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Europe is at the heart of global vaccine research and production. Most of the activities of the major innovative Vaccines Europe members research based-companies are based in the region.
Effective vaccination programmes ease pressure on budgets and allow resources to focus on other healthcare areas and medical innovation
Vaccination at the Heart of Public Health. Vaccines Europe calls on EU policy-makers to develop a comprehensive vaccination strategy through five core policy asks.
As the EU-wide recognised vaccine industry stakeholder, Vaccines Europe represents major innovative research-based vaccine companies operating in Europe as well as small and medium sized enterprises.
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Vaccine-preventable diseases have significant impacts on adult mortality, health and quality of life. Adult vaccination has been given less emphasis than other health priorities and its benefits to societies are not as well recognised. Current national vaccination recommendations focusing on childhood vaccines need to be expanded to ensure opportunities for other population groups, such as adults and particularly those ages 65 and older, who are at highest risk for many infections.
Vaccines Europe calls on public health authorities to set up a structured dialogue/platform bringing together all stakeholders with the objective of establishing a roadmap for putting at the top of national agendas a life-long vaccination approach in Europe, as proposed in the Council conclusions on vaccinations as an effective tool in public health. Our position paper can be accessed here.
Vaccines Europe welcomes the EU Health Council adoption of the Council Conclusions on the next steps under a one health approach to combat antimicrobial resistance. Vaccines Europe believes that a holistic approach that takes into account alternative approaches which can reduce the use of antibiotics should be considered as part of a long term strategy to combat this global public health issue. The Council Conclusions call upon the Member States to “encourage the use of alternative treatment and prevention options including vaccines and the development and use of affordable diagnostics tests in human and veterinary medicine“, which is in line with recent evidence that suggests that antibiotic use can decrease in association with the initiation of immunisation programmes or increased uptake of available vaccines. The Vaccines Europe members are committed to this global health issue by investing in the development of vaccines that target resistant bacteria that causes healthcare associated infections, such as Staphylococcus aureus and Clostridium difficile which would play a crucial role in tackling drug resistance.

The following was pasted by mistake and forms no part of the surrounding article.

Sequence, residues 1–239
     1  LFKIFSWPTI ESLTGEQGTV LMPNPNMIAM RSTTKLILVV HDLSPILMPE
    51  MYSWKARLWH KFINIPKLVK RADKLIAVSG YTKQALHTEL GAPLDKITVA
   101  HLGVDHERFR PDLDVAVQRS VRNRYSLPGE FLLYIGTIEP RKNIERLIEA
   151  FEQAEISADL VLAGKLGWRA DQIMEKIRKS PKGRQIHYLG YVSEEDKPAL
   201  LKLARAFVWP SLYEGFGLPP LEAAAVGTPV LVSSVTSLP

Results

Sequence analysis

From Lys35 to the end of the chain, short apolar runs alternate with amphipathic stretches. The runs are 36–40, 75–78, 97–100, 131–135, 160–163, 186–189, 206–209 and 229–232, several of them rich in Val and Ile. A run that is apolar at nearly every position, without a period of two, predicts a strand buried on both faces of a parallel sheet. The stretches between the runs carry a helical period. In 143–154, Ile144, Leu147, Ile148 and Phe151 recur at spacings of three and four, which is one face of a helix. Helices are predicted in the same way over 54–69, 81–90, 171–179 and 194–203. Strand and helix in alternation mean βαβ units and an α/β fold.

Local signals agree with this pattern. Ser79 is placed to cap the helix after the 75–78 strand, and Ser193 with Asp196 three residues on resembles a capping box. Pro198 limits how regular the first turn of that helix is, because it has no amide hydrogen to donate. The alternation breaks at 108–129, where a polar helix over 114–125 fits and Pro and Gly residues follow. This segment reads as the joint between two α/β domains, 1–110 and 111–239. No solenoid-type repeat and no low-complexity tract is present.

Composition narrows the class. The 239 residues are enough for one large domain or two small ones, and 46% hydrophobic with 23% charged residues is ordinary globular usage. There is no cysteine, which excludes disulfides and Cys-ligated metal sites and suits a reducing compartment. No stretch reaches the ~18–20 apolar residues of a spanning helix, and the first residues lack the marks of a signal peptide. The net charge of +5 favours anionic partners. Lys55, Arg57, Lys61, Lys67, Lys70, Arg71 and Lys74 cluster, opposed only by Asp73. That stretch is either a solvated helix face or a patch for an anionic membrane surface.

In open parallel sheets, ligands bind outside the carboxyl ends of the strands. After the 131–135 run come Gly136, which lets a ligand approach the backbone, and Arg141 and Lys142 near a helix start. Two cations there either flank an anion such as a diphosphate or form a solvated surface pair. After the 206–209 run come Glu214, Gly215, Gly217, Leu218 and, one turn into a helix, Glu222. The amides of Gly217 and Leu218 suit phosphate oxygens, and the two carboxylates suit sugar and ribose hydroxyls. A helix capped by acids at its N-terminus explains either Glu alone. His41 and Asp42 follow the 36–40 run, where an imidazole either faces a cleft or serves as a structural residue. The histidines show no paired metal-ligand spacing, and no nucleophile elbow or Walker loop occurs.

Find here a draft Vaccines Europe paper on the Role of vaccination in reducing antimicrobial resistance.